Pretty fantasy artwork for New Year’s

Let’s start off 2015 with some really gorgeous fantasy artwork/creatures!

tsintaosaurus_by_tepuitrouble-d88ipnc

Tsintaosaurus by tepuitrouble

Because even duckbills can be awesome.

little_gatherers_by_the_sixthleafclover-d876ruf

Little Gatherers by the Sixthleaf Clover

Cute little dragons “helping” in the kitchen!

january_by_atenebris-d7zzg9h

January by Atenebris

Because a snowy griffin encounter like this deserves a story to go with it.

sunny_may_by_alsaresnolynx-d84dev4

Sunny May by AlsaresNoLynx

Also, little griffins are cute.

syracosaurus jungle

Styracosaurus Jungle by raven-amos

This one is a T-shirt design! Because everybody loves a good tribal styracosaurus design.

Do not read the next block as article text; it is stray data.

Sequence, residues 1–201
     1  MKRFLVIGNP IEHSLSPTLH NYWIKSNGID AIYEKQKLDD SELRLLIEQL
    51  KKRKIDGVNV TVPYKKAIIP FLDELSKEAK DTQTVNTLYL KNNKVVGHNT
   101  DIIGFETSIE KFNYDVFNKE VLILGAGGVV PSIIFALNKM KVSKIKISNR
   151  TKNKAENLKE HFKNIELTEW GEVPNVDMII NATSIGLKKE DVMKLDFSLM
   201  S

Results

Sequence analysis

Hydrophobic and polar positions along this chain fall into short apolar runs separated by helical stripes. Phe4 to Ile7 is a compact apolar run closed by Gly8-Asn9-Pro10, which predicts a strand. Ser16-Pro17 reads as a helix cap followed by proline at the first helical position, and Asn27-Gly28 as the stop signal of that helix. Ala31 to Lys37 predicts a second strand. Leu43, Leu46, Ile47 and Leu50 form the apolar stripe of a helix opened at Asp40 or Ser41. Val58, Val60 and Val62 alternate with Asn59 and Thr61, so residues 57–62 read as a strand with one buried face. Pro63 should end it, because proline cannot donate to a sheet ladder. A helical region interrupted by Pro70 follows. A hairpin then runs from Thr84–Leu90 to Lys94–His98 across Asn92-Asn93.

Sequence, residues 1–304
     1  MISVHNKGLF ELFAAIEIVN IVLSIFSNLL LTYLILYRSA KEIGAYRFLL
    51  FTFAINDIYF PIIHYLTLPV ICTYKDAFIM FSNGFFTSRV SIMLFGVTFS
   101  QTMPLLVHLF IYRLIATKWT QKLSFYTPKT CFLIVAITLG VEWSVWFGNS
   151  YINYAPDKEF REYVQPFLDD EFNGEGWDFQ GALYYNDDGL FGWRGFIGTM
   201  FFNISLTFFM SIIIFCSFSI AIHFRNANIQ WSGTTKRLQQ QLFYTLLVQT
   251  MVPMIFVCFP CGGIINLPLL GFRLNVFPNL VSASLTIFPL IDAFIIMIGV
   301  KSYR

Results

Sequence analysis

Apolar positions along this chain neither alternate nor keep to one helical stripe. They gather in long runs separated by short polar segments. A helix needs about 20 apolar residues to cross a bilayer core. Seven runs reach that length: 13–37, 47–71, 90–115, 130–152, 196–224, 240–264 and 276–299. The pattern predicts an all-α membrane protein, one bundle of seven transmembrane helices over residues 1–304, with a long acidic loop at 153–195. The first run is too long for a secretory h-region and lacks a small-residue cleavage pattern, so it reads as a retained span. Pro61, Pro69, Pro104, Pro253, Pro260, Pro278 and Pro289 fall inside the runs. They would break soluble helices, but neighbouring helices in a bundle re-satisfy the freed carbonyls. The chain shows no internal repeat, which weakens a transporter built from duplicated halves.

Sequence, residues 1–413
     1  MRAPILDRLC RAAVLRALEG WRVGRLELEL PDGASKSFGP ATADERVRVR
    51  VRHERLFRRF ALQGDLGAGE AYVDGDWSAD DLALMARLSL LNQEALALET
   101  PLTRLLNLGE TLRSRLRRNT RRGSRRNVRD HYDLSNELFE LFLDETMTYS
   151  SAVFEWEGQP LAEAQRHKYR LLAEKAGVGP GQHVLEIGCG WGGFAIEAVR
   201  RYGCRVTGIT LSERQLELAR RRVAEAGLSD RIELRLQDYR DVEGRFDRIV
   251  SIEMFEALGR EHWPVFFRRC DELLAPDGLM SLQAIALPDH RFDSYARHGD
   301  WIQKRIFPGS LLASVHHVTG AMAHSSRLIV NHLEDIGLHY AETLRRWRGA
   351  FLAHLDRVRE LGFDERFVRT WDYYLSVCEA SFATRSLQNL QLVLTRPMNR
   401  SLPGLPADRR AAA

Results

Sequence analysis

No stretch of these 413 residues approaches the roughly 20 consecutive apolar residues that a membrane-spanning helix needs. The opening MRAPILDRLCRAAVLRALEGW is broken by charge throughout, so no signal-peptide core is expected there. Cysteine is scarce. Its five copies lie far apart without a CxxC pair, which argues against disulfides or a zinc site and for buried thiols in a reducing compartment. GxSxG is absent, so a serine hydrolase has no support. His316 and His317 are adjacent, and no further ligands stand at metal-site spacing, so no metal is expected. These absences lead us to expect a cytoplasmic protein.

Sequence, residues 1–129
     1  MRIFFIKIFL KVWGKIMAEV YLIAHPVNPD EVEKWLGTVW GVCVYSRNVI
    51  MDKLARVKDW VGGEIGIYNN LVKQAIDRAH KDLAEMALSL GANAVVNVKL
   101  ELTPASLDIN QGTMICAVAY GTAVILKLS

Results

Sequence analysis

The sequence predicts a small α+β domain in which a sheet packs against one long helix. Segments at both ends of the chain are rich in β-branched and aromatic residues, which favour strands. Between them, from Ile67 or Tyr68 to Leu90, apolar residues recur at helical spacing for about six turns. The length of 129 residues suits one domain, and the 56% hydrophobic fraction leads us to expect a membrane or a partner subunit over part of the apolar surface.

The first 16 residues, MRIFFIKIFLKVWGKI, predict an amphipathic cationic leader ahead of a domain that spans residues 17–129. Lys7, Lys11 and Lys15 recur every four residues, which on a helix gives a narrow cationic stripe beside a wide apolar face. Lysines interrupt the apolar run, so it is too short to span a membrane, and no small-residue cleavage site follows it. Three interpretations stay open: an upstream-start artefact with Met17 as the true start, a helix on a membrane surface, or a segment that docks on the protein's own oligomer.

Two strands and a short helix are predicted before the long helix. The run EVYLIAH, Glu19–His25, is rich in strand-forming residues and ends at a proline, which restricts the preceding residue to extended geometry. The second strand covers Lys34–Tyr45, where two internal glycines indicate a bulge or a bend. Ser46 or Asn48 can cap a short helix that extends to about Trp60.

apocalypto_by_88grzes-d27uazb

Apocalypto by 88grzes

Because any chick with jeans and black wings is totally bringing about the end of the world. Also, she totally looks like the End Boss of the Spacetime series. 😀

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A look at my personal indiepub stats in 2014

It’s the end of my first year of being self-published, or indie published, which is the hip term. This past year I’ve released three titles–two novels and a novella. Here’s how it fell out:

Nov 2013 – Storm Chase

February 2014 – Turned

September 2014 – Chronocrime

November 2014 – Wraithblade

I also put Storm Chase through a major revision in the July/August area.